‘One attempt to improve the definition is offered in … The Chess Dictionary [referred to earlier in the text as having been published in Moscow in 1990]: “A combination is a forced variation which utilises various tactical devices; the sacrifice is an element which is usually present.” In essence, this definition is not far removed from Botvinnik’s, except that it includes reference to tactical devices, and does not absolutely require the presence of a sacrifice.’

‘This is already very close to my own view of the matter, but it seems to me that it too is capable of some small improvement. I therefore offer the reader my own definition, based on the conclusions [previously] drawn ...: a combination is a system of tactical blows and their interconnections, having a forced character, and leading to favourable consequences for the perpetrator.’

‘It is a system, because in a combination, often an initial tactical blow and its immediate consequences are frequently followed, after a few moves, by another tactical blow, and so on. The forcing nature of a combination is an important element, while the interconnections provide for a series of moves, not themselves containing a revolutionary element. A combination aims to bring an advantage to its perpetrator, which largely agrees with Botvinnik’s definition.’

Broadly I agree with Beim’s definition though I think it could be expressed more succinctly! (Perhaps it lost something in translation.) I agree that a combination needn’t contain a sacrifice; it could be based around a tactical blow of another sort – for example, a discovered attack like Jonathan’s. It could also involve multiple tactical blows. And I believe it can be bad or unsound, as Beim later acknowledges in his text. So, here’s my attempt at a definition: ‘a forcing sequence containing one or more tactical blows which aim to bring about a favourable outcome for the perpetrator.’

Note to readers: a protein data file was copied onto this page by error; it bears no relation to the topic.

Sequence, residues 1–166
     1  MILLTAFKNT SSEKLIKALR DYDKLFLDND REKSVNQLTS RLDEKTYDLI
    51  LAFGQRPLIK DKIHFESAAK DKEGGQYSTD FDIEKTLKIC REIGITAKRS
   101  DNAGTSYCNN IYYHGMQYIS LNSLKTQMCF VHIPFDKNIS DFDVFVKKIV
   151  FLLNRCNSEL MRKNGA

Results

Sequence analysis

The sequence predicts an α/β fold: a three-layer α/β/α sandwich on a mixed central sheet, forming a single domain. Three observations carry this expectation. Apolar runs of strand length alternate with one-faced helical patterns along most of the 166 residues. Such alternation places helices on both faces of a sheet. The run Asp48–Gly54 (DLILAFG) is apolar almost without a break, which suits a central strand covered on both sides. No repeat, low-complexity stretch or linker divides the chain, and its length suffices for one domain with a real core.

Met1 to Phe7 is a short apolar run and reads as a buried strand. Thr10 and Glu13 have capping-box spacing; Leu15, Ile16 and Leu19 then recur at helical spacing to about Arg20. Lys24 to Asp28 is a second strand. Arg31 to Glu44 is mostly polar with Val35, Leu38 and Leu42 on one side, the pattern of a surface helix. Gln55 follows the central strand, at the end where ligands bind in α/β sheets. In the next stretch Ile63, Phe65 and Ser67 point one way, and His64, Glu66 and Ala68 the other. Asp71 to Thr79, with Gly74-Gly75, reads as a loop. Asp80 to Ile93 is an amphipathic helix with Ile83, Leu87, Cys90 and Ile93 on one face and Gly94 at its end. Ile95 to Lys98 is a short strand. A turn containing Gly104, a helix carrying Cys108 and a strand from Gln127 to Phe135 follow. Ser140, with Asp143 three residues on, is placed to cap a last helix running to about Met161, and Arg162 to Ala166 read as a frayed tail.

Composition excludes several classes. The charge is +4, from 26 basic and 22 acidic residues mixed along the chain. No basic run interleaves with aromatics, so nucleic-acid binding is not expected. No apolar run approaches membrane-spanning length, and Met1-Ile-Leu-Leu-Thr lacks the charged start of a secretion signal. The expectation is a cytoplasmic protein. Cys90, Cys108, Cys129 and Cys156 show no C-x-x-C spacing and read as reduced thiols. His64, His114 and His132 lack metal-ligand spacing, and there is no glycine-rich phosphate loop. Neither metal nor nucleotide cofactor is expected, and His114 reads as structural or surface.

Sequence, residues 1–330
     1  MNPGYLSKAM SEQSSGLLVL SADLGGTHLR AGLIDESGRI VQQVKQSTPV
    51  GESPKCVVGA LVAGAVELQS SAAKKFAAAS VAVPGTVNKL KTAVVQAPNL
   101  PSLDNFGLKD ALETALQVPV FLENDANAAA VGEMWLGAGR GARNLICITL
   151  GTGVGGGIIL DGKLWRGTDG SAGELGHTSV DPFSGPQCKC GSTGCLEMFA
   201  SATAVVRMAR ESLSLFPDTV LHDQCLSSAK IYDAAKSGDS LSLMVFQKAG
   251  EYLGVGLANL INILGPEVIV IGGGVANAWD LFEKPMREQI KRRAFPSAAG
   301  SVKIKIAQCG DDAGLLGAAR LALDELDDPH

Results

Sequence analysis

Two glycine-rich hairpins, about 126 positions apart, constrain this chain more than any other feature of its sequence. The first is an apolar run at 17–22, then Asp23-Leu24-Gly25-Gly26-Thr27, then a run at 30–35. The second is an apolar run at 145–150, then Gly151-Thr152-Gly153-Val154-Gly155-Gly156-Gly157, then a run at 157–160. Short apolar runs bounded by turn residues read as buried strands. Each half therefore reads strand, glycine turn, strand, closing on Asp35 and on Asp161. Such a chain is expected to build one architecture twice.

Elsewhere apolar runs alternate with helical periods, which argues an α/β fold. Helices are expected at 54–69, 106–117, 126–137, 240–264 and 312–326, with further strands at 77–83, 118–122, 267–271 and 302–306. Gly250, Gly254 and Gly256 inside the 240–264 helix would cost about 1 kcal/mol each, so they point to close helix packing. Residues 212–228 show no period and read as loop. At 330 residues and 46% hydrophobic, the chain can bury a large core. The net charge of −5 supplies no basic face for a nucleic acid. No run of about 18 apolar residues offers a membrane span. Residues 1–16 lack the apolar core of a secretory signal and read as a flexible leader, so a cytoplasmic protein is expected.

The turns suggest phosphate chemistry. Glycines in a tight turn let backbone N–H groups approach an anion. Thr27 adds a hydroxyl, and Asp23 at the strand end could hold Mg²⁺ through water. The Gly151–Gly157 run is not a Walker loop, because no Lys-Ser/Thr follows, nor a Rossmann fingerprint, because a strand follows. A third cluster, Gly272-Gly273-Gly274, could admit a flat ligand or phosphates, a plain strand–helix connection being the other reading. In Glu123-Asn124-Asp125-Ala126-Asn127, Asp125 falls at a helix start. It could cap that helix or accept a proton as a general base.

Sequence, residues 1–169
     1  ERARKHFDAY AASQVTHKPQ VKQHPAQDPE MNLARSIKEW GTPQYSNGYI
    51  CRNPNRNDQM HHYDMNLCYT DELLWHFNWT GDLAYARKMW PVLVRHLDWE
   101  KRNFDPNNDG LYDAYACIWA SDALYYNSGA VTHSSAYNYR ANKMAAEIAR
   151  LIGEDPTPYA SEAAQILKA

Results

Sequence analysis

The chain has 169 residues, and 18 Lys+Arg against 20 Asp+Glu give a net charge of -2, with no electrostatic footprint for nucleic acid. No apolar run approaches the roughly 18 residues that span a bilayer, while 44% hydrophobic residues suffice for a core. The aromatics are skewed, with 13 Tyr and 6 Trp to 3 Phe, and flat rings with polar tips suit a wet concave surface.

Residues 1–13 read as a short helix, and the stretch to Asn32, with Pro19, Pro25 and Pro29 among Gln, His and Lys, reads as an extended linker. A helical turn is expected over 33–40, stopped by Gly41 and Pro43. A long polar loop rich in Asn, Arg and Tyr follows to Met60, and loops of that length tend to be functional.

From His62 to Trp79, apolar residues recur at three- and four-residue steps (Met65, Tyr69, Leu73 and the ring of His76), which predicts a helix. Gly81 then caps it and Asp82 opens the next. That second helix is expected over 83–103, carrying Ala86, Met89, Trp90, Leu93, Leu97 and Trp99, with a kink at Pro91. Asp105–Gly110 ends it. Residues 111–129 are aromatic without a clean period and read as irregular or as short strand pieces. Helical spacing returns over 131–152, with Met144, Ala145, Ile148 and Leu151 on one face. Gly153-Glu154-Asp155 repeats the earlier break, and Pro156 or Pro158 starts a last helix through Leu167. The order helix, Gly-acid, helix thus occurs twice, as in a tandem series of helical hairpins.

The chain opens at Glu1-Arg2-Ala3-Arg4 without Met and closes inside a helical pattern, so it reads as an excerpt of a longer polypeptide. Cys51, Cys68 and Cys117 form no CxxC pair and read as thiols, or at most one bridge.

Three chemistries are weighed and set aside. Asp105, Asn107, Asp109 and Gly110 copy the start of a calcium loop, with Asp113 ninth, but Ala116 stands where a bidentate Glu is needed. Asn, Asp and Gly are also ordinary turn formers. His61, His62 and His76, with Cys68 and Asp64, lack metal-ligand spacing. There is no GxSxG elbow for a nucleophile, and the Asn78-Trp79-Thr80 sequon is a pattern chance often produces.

ejh said...

I'd say no need for a sacrifice, but it does need to be a forcing line and best play needs to involve a tactial theme (which is why I don't count your bishop move).

Anonymous said...

I would dispute that a combination has to end to the advantage of its perpetrator.

Maybe more accurate would be to say that it resolves certain features of a position in the perpetrator's favour, even if the net result is not ultimately to their advantage.


Jonathan B said...

Great contribution Angus - I like your definition very much.

Justin, the reason why I still think of this as a combination is because in my head I saw it as a combination. Indeed given the play of the game to that point I actually expected it to finish this way.

I think I'd say he walked into a combination or qualify it in someway but still I think it's a combination of sorts.


Jonathan B said...

Good point Richard - there are drawing contributions afterall

Campion said...

If it's not forced then I think of it as a trap (i.e. not a forced advantage, but enticing the opponent into a mistake). On the other hand, a combination doesn't need to involve sacrifice of material in my view.

In that sense I probably don't play many genuine combinations according to my own definition - just a succession of vague moves until a point when a forcing sequence can be set up.

Tom Chivers said...

Perhaps a good test of whether these terms are well-defined or not, is whether you can programme a computer to recognize them?